We Want Your Feedback!

Please give us feedback on one of our weekly question and answer articles. We value your time so the evaluation will only take 3 minutes or less, we promise!

Take the Survey »

How big of a role do I, as their dad, play in my children’s lives?

By Christina Pay, USU Extension Assistant Professor

Dad and daughter


Why Dads Matter

Dads play a major role in the development of their children from birth through adulthood. In the past, research focused on mothers as being the primary influence on children and father involvement has only been seriously studied during the past 30 years. However, due to this research, we now know that dads do matter when it comes to parenting. According to one report, “Even from birth, children who have an involved father are more likely to be emotionally secure, be confident to explore their surroundings, and, as they grow older, have better social connections.” (Rosenberg & Wilcox, 2006, p. 12). Compared to children without the influence of a father in their lives, children with involved fathers have an advantage, both socially and academically. So, what can a dad actually do to matter in their child’s life?  According to the experts a good father-child relationship includes “involvement, respect and influence, and affection”. (Staff, 2006, p. 1)  

  • Involvement.  In any relationship formed, we wish to feel that the other person in the relationship is interested in us and wants to be with us.  Involvement is the foundation of the father-child relationship.  Dads can begin this process even before their child is born by being involved with the mother’s pregnancy and in helping to prepare for the birth. When the baby is born, a Dad can continue to be involved by holding, caring for, playing with, and talking to his infant. As the child grows, dads can give each child as much exclusive attention as possible. This includes uninterrupted time that does not allow for distractions so they have time to talk, play, learn and work together.  Dads can share their work environment, their interests, and teach new skills, while also being interested and respectful of the interests and activities of their children.  Children with involved, caring fathers benefit emotionally and socially. They learn how to regulate their feelings and behavior and have better educational outcomes.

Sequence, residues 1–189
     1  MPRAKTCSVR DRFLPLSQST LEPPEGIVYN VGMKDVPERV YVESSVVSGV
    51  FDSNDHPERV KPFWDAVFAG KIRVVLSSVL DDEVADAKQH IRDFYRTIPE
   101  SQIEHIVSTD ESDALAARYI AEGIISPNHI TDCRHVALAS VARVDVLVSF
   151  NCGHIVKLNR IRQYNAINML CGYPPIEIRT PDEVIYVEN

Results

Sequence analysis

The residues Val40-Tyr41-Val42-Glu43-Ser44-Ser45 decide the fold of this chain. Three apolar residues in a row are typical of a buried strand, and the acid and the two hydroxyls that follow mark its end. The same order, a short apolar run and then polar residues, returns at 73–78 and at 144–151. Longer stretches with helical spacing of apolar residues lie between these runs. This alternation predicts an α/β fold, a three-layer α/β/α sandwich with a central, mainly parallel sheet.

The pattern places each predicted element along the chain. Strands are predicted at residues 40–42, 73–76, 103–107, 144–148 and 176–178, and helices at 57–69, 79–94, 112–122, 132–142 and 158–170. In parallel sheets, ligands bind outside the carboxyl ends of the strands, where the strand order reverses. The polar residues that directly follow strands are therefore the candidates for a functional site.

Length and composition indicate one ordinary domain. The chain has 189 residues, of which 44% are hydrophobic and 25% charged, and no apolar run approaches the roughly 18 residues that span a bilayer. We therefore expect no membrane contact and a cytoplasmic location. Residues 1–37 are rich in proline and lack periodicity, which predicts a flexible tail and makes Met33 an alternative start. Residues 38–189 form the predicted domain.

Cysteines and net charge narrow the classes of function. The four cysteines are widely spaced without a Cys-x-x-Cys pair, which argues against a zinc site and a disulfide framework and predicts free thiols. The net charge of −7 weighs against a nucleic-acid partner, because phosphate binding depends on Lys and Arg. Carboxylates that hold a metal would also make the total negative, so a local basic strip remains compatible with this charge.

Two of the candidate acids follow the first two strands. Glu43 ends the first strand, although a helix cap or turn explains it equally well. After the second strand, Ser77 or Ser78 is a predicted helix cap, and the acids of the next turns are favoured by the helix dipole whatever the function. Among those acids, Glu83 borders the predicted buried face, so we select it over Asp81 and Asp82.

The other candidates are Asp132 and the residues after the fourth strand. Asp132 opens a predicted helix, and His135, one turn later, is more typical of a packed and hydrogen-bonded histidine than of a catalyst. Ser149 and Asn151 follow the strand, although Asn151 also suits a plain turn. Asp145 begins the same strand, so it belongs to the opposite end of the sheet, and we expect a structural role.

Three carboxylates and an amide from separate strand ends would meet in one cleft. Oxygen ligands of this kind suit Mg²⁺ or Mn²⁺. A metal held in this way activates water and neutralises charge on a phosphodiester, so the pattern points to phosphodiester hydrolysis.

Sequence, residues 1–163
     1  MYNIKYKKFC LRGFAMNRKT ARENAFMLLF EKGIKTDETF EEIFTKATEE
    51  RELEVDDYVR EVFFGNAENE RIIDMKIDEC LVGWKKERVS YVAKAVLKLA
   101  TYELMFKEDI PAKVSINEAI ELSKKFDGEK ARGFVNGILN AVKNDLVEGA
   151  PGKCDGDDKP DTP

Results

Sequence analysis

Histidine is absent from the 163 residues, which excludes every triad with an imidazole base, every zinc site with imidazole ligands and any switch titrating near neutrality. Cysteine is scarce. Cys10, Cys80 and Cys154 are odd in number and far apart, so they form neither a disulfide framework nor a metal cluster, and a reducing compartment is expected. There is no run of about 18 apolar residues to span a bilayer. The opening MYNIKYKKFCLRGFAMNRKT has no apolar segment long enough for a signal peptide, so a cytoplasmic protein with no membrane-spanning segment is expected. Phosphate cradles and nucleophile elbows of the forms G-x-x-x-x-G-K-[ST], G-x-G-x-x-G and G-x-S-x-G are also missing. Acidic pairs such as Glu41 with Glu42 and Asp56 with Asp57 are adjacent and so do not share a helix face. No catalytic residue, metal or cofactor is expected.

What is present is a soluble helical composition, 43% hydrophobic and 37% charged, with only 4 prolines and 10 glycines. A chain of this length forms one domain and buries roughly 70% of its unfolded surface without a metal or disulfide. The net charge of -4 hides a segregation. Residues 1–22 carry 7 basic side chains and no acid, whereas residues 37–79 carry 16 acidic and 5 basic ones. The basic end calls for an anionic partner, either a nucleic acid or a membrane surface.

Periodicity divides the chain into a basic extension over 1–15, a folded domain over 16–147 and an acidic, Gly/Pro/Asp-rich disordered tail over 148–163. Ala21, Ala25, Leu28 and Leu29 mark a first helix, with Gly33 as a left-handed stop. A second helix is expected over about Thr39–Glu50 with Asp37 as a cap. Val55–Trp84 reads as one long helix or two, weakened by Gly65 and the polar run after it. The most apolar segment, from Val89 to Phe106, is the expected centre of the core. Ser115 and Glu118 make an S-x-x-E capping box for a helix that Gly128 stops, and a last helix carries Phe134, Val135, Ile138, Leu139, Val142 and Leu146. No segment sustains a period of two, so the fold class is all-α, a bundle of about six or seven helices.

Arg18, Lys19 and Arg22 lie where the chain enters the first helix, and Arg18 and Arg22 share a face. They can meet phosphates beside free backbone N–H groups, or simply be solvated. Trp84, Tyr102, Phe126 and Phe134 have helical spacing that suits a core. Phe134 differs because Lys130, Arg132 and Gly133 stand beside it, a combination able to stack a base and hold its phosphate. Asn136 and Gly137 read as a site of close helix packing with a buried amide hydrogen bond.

• Respect and Influence.   We all have the need to feel that what we say is important. We want to be heard, validated, and included in discussions and decisions.  This is true for children as well as adults. While dads provide guidance, they can also be respectful and empathetic while enforcing clear and reasonable limits.   Respect can be maintained when dads give firm but gentle guidance. Children can also benefit when they are gradually allowed to make decisions for themselves.   Research informs us that children raised by respectful and influential dads have a decreased likelihood of engaging in adolescent risk behaviors and are less likely to develop adolescent depressive symptoms.
  • Affection.  Affection comes from acceptance and respect in a trusting relationship.  Dads can be both tough and tender depending upon the situation.  While tenderness and showing affection can be difficult for some dads, there are a variety of ways to do so comfortably.  Some dads feel comfortable talking with their children, others let their actions do the talking.  Some like hugging while others would rather do an act of loving service for their child.  Physical actions are important, but words are also important, and children need to hear them.  Words enrich what we do and make actions more easily understood.  Children need to hear their dad say, “I love you”, to help them appreciate that his actions come from a place of affection.   Each dad has his own style of affection which demonstrates love, care and concern for his children.  Children with affectionate, involved fathers are more likely to grow up being tolerant, empathetic and understanding, as well as exhibit positive internal moral judgement, moral values and conformity to rules. (Allen & Daily, 2007)

Dads do matter. An involved, respectful, influential, and affectionate father plays a crucial role in shaping the life of his child.  By doing so, he provides them with confidence, an academic advantage and positive social and emotional health.